By Gabby Guerard
The bitter January air quickly ushered students around the Springfield College campus, as the second semester officially began. While students poured into classrooms with red noses and rosy cheeks, those who entered Room 105 in Locklin stumbled upon more than just a blast of warm air.
One by one students slowed their pace as they entered the room, which was large in size yet lifeless in color, encompassed by blank, white walls. After scouring which plastic gray chair to claim as their own, students glanced to the front of the room and did a double-take.
“I was concerned and curious for initial reactions,” recalled freshman Shawn Harnish. Although Harnish quietly pondered, others were taken more abruptly by what stood before them.
“I was shocked,” said freshman Olivia Longo. “I initially thought that it was a bit crazy… and it might be uncomfortable or awkward.”
Once the seats were filled with students and the air was filled with discomfort, Dr. Decoteau finally addressed what everyone was fixated on: the wheelchair.
A ruby red frame snakes up from each of the four wheels, forming the structure to support a black cushioned seat. The motorized chair is thoroughly equipped, including a footrest, a head rest, and two armrests, as well as a black remote control and joystick to control transportation from one place to the next.
Unlike his students, Decoteau had a much more limited array of seats to choose from. His wheelchair was the only option.
A new semester always brings lots of uncertainty for students: “Who is in my classes?” “How hard are the exams going to be?” “Did I end up picking good teachers?” For the students taking “RHDS 230- Psychology of Disability and Illness” with Decoteau, one more question arose: “What is class going to be like with a disabled professor?”
As the course unfolded, students discovered that their professor would create a unique learning experience, challenging any of their presumptions about disabilities. His ultimate goal: enable students to see people with disabilities as people, rather than just as a disability. Decoteau knows the difference well, because when he began teaching at Springfield in 1989, his spinal cord was fully intact.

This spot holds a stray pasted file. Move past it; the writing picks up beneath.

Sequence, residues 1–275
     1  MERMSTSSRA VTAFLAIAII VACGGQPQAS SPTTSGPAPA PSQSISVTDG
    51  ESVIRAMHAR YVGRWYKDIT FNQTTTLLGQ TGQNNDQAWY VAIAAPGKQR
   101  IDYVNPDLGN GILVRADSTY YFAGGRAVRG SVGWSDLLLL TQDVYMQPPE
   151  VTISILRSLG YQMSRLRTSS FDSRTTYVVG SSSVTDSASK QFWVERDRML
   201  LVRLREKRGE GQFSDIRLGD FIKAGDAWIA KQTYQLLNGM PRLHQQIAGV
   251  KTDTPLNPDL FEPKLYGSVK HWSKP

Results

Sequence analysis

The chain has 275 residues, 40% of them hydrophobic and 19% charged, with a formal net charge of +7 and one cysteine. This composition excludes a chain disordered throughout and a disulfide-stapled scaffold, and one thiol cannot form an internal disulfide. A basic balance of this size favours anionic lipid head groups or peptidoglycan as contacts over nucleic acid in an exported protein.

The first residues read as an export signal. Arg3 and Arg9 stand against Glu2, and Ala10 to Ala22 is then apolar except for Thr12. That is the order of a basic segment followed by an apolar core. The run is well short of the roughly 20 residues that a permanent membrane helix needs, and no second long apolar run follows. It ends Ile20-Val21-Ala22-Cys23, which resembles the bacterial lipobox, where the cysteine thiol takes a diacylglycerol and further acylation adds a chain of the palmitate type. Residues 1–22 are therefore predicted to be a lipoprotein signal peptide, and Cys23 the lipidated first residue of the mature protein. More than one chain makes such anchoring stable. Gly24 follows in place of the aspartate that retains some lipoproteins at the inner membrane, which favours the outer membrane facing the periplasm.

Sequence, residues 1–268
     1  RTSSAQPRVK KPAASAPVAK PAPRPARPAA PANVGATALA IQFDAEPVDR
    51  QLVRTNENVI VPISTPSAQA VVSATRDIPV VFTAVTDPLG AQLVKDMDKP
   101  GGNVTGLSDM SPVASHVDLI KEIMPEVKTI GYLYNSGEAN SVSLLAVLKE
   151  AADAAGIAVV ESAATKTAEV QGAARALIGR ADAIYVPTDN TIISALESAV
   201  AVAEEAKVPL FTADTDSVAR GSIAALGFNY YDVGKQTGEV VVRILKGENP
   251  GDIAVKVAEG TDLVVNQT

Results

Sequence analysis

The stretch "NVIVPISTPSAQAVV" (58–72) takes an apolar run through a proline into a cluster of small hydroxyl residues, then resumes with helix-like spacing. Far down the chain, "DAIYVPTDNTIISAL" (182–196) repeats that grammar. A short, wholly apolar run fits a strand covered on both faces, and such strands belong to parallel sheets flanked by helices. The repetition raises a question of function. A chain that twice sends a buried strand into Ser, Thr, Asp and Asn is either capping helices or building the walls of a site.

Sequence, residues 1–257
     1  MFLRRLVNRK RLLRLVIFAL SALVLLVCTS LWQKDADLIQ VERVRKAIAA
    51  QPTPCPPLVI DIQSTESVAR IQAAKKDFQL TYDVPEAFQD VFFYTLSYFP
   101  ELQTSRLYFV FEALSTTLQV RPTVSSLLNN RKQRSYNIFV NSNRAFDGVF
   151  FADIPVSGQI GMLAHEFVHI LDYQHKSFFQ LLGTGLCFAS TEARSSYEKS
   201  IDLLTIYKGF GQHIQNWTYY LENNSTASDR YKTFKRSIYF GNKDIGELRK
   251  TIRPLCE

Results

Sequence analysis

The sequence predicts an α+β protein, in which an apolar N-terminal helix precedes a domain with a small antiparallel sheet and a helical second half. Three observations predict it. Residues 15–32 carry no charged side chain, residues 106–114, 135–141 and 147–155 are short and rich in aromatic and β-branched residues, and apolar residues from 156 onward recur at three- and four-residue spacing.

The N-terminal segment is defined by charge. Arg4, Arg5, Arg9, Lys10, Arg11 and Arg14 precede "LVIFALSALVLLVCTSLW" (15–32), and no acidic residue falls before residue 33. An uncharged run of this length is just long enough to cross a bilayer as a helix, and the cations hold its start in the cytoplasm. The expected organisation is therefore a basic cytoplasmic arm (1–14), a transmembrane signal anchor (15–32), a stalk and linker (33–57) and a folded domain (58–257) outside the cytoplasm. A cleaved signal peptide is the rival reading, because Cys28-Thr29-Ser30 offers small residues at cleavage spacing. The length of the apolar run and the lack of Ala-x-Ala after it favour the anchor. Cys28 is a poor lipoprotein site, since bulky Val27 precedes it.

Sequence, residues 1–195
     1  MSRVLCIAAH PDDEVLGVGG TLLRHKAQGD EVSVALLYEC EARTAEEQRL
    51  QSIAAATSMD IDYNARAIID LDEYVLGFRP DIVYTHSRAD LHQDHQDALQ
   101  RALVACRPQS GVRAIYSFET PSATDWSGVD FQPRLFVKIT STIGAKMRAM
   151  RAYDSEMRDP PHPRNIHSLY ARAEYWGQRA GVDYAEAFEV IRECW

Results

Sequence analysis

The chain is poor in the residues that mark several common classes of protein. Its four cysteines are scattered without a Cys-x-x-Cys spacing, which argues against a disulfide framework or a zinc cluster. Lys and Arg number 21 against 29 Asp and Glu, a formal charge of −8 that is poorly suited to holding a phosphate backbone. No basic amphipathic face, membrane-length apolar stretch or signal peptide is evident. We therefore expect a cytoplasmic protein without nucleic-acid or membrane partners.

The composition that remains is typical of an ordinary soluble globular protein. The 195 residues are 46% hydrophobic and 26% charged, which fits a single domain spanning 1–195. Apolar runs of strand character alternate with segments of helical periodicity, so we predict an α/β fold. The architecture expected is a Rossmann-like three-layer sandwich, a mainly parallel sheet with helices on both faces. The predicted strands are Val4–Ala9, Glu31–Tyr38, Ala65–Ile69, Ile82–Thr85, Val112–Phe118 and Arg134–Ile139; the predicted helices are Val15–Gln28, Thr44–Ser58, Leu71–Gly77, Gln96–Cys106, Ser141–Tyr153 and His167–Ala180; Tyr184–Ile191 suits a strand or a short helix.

Even before the accident, the N.H. native had always been passionate about those with disabilities. Decoteau worked as a psychiatric aide and senior counselor at the Concord State Hospital, was the director of rehab services for special education students at Stevens High School in Claremont, and then became the state supervisor of the disadvantaged before coming to teach at Springfield.
Although well-versed in the subject, Decoteau never anticipated that he too would live a disabled lifestyle, until one load of laundry put his life at risk.
On Friday, Oct. 12, 2012, Decoteau left Springfield to travel home to Enfield, Conn. Since it was the end of the week, Friday meant laundry day. Grabbing a large bag of his own laundry, as well as a bag of towels, Decoteau headed for the basement. However, the staircase required a 90-degree turn after the first two steps, which is where Decoteau’s entire world changed forever.
“I had both bags and I went to turn,” recalled Decoteau. “I missed the first stair and I went down 20 [stairs] head over heels.”
Decoteau landed on his back, severing his spinal cord at the C6 and C7 vertebrae.
“Even though I was flat, my feet were floating up, and when I reached back [around my head] I was bleeding out,” explained Decoteau.
With his wife still at work and his three children already moved out of the house, Decoteau was helpless.
“I couldn’t reach my phone and I could only move my hands, but I was paralyzed,” said Decoteau. “At that point I knew enough to know that I was in deep trouble, and there’s no way anyone could hear me.”
Once Decoteau’s wife came home from work, she was able to call 9-1-1 in time to save his life, enabling emergency personnel to stabilize and transport him to the hospital. While Decoteau managed to survive numerous surgical procedures, the recovery process was a difficult one, mentally and physically. He recalls, “I even begged my wife, ‘Just stop the machine [respirator], I want to die.’”
After coming to terms with his disability and redefining himself as a quadriplegic, someone affected by paralysis in all four limbs, Decoteau returned to Springfield to continue teaching students about the psychology of disabilities two years ago. In order to do so, Decoteau had to restructure the class to accommodate his disability, but students have found that these changes have only improved the learning environment.